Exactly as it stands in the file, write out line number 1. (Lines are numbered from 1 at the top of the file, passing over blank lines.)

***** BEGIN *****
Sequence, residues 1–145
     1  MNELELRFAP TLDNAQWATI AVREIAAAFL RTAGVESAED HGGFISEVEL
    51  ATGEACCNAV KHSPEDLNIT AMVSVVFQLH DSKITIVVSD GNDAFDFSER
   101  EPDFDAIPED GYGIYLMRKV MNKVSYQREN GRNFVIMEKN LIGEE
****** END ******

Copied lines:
Sequence, residues 1–145